"Fear, separation, hate and anger come from the wrong view that you and the earth are two separate entities, the Earth is only the environment. You are in the centre and you want to do something for the Earth in order for you to survive. That is a dualistic way of seeing.

"So to breathe in and be aware of your body and look deeply into it and realise you are the

Earth and your consciousness is also the consciousness of the earth. Not to cut the tree not to pollute the water, that is not enough."

 


 

Putting an economic value on nature is not enough


 

Thay, who will this spring be in the UK to lead a five-day retreat as well as a mindfulness in education conference, says the current vogue in economic and business circles that the best way to protect the planet is by putting an economic value on nature is akin to putting a plaster on a gaping wound.


 

"I don't think it will work," he says. "We need a real awakening, enlightenment, to change our way of thinking and seeing things."


 

Rather than placing a price tag of our forests and coral reefs, Thay says change will happen on a fundamental level only if we fall back in love with the planet: "The Earth cannot be described either by the notion of matter or mind, which are just ideas, two faces of the same reality. That pine tree is not just matter as it possesses a sense of knowing. A dust particle is not just matter since each of its atoms has intelligence and is a living reality.


 

"When we recognise the virtues, the talent, the beauty of Mother Earth, something is born in us, some kind of connection, love is born.


 

"We want to be connected. That is the meaning of love, to be at one. When you love someone you want to say I need you, I take refuge in you. You do anything for the benefit of the Earth and the Earth will do anything for your wellbeing."


 

In the world of business, Thay gives the example of Yvon Chouinard, founder and owner of outdoor clothing company Patagonia, who combined developing a successful business with the practice of mindfulness and compassion: "It's possible to make money in a way that is not destructive, that promotes more social justice and more understanding and lessens the suffering that exists all around us," says Thay.


 

"Looking deeply, we see that it's possible to work in the corporate world in a way that brings a lot of happiness both to other people and to us ... our work has meaning."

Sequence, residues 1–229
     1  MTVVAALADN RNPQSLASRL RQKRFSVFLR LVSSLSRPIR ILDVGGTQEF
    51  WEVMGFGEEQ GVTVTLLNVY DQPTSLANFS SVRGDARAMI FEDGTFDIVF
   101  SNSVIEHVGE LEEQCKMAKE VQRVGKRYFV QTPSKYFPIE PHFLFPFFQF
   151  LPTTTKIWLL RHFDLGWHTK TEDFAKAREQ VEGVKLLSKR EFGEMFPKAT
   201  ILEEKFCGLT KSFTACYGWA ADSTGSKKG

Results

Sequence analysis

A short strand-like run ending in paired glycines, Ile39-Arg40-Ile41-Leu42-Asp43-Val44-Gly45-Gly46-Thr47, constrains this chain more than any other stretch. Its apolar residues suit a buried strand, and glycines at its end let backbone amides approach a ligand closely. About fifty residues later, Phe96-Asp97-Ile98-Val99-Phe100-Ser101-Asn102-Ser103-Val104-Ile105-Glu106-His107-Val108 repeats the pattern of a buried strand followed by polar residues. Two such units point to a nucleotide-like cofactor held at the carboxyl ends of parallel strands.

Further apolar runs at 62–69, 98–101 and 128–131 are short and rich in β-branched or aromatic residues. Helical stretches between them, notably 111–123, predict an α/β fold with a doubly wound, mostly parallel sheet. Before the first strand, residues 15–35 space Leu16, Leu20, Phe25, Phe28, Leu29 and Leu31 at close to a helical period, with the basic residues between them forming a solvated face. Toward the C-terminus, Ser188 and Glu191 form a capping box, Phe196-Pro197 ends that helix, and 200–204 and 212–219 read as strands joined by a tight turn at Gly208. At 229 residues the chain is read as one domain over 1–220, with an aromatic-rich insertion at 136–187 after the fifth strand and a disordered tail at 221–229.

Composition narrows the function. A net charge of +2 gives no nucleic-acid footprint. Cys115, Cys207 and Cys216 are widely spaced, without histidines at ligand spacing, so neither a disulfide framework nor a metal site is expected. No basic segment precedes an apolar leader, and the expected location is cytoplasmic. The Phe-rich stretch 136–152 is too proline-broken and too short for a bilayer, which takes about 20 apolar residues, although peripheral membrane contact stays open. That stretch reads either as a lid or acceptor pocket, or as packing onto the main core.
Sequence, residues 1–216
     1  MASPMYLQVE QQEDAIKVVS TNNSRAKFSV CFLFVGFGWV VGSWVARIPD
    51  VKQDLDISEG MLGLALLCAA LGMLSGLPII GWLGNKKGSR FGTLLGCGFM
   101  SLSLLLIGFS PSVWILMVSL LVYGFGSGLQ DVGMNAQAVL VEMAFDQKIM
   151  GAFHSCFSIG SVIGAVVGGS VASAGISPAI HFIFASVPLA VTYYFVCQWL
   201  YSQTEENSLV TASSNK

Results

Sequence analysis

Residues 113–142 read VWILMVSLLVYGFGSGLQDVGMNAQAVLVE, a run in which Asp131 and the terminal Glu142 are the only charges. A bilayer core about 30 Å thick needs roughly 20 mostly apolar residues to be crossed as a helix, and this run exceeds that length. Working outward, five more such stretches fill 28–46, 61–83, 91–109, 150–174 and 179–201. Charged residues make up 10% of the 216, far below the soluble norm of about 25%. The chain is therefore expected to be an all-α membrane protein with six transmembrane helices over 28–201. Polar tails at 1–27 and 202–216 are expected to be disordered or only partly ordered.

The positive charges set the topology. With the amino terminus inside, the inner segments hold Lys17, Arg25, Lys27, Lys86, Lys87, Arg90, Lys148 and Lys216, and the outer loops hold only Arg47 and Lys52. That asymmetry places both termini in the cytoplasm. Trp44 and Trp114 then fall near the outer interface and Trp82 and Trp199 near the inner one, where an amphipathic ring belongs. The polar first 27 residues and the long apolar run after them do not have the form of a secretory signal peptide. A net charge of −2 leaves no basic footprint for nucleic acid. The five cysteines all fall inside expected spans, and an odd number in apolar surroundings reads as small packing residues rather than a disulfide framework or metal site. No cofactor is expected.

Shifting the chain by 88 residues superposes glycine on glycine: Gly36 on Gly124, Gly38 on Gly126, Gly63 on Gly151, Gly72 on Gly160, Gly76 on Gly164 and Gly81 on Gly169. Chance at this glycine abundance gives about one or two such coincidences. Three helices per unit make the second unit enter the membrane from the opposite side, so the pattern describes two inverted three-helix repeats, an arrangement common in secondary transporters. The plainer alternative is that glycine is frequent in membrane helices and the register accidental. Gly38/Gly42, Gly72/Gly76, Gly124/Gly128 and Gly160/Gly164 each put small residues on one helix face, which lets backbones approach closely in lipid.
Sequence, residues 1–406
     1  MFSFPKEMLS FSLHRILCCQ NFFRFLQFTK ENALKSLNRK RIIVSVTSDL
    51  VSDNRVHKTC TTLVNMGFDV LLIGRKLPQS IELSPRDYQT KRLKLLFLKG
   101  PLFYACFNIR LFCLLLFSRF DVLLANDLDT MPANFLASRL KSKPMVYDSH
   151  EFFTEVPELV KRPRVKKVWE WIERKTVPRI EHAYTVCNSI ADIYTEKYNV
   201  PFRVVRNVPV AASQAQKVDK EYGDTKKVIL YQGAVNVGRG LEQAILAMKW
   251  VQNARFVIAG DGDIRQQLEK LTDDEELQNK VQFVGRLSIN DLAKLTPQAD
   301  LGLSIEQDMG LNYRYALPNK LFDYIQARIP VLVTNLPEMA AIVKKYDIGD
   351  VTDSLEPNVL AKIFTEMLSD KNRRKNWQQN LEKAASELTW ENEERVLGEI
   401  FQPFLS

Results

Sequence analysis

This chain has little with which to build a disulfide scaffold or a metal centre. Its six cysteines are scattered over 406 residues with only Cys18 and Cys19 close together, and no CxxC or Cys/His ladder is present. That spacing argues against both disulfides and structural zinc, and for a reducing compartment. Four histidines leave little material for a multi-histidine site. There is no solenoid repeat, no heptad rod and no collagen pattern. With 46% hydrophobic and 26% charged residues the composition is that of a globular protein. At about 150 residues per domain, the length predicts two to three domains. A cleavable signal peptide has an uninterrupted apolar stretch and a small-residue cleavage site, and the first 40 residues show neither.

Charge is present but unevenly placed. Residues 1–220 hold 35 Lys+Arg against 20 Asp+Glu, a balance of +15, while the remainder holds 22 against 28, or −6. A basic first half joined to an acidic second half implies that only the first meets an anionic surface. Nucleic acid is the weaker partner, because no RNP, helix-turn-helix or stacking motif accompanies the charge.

Thay, who has written more than 100 books, suggests that the lost connection with Earth's natural rhythm is behind many modern sicknesses and that, in a similar way to our psychological pattern of blaming our mother and father for our unhappiness, there is an even more hidden unconscious dynamic of blaming Mother Earth.


 

In a new essay, Intimate Conversation with Mother Earth, he writes: "Some of us resent you for giving birth to them, causing them to endure suffering, because they are not yet able to understand and appreciate you."


 

How mindfulness can reconnect people to Mother Earth


 

He points to increasing evidence that mindfulness can help people to reconnect by slowing down and appreciating all the gifts that the earth can offer.

"Many people suffer deeply and they do not know they suffer," he says. "They try to cover up the suffering by being busy. Many people get sick today because they get alienated from Mother Earth.

"The practice of mindfulness helps us to touch Mother Earth inside of the body and this practice can help heal people. So the healing of the people should go together with the healing of the Earth and this is the insight and it is possible for anyone to practice.


 

"This kind of enlightenment is very crucial to a collective awakening. In Buddhism we talk of meditation as an act of awakening, to be awake to the fact that the earth is in danger and living species are in danger."


 

Thay gives the example of something as simple and ordinary as drinking a cup of tea. This can help transform a person's life if he or she were truly to devote their attention to it.


 

"When I am mindful, I enjoy more my tea," says Thay as he pours himself a cup and slowly savours the first sip. "I am fully present in the here and now, not carried away by my sorrow, my fear, my projects, the past and the future. I am here available to life.


 

"When I drink tea this is a wonderful moment. You do not need a lot of power or fame or money to be happy. Mindfulness can help you to be happy in the here and now. Every moment can be a happy moment. Set an example and help people to do the same. Take a few minutes in order to experiment to see the truth."


 

Need to deal with ones own anger to be an effective social activist


 

Thay has over many years developed the notion of applied Buddhism underpinned by a set of ethical practices known as the five mindfulness trainings, which are very clear on the importance of tackling social injustice.